Weekly tax brief

How to give away your stock without giving away the VAT

27 May 2020
When first forced to close for the coronavirus lockdown, many businesses – particularly in the retail, hospitality and horticultural sectors – have found themselves left with perishable stock that they cannot sell.

As a result, some have had no alternative but to dispose of goods that are no longer fit for their intended use, while others are giving away stock that would otherwise spoil in the hope that the recipient makes a donation to the business. This could be a much-needed lifeline while income streams are limited by the coronavirus crisis.

While it is encouraging to see businesses implementing innovative ideas to generate income during the pandemic, it can be easy to overlook the potential VAT consequences of transactions that fall outside its usual business model.

Where a business has recovered VAT on goods it buys for resale it is, in principle, required to account for output VAT at cost value if it gives away or otherwise disposes of the goods instead of selling them.  However, there are exceptions to this rule which may be helpful in the current circumstances:

The first of these may be useful to traders who have given away low value items to various recipients: VAT does not need to be accounted for on goods given away as gifts to any one person when their VAT exclusive value does not exceed £50, in any twelve month period. HMRC expects businesses to keep a register of some sort to prove that this limit has not been exceeded.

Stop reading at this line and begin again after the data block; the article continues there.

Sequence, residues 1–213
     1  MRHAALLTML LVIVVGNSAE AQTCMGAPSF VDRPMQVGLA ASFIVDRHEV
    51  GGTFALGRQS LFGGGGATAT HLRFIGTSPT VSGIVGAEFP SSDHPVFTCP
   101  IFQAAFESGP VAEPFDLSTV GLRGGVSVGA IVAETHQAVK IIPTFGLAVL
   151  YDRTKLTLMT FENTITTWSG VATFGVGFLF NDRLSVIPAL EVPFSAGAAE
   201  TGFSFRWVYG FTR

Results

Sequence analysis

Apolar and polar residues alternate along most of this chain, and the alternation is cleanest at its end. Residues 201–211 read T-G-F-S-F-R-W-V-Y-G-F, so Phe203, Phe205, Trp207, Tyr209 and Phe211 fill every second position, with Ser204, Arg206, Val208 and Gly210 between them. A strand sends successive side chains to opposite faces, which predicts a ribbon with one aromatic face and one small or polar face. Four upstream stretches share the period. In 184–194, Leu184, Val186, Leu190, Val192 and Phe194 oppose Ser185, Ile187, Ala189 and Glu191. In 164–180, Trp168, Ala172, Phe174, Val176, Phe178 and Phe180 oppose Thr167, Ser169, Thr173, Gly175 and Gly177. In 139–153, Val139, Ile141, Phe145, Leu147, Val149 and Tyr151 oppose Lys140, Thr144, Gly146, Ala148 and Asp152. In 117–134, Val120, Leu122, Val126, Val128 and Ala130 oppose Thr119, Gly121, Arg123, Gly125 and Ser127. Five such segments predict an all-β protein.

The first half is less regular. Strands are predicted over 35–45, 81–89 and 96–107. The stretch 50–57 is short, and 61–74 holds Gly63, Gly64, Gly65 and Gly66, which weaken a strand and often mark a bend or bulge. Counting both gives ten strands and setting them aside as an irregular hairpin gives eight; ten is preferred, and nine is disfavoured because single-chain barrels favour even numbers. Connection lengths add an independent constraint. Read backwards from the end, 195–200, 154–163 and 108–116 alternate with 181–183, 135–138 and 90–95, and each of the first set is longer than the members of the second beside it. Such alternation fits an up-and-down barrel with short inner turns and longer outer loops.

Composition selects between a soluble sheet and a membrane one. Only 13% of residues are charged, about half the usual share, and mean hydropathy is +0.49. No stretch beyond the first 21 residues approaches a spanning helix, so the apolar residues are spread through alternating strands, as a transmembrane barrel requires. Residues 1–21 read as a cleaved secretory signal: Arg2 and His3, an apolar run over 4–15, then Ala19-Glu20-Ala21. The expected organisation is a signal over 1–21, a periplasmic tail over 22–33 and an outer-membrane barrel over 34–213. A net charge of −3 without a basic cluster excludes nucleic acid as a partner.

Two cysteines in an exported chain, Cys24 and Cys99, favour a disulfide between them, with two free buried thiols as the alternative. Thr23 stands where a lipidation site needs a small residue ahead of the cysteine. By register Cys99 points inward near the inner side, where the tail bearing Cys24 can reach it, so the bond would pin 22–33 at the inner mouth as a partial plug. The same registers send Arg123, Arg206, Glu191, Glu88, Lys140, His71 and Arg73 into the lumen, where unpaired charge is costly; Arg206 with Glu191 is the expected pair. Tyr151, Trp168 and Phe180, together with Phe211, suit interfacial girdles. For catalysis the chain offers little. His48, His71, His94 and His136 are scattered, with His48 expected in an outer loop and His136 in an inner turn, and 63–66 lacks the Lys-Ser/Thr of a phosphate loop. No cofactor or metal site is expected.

Likewise, in the event that spoiled goods have to be destroyed rather than given away, no VAT would be due on their disposal and the business would retain entitlement to full VAT recovery on the original purchase. In such circumstances, a record should be kept of their destruction in case HMRC demands supporting evidence at a later date. Otherwise HMRC may believe the goods have been sold or given away and assess for undeclared output VAT.

It is also important to show that any payments qualify as a donation under VAT rules. HMRC may look for evidence that it was made clear that donations were voluntary and whether and how much money to donate was at the discretion of the donor. If the payment was simply a discounted price set by the seller in exchange for items close to their expiry date, it could be subject to VAT. Screen shots of social media posts offering free goods may be useful supporting evidence.

Taking time to keep some simple records could be the difference between keeping and losing the VAT recovery and reliefs your business might be entitled to in these difficult times.    

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